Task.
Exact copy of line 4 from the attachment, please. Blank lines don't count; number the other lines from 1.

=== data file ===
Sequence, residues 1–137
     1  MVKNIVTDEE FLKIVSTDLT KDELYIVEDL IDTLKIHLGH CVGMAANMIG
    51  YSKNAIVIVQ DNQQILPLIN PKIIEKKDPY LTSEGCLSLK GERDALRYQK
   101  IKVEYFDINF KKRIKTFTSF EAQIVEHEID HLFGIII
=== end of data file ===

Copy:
   101  IKVEYFDINF KKRIKTFTSF EAQIVEHEID HLFGIII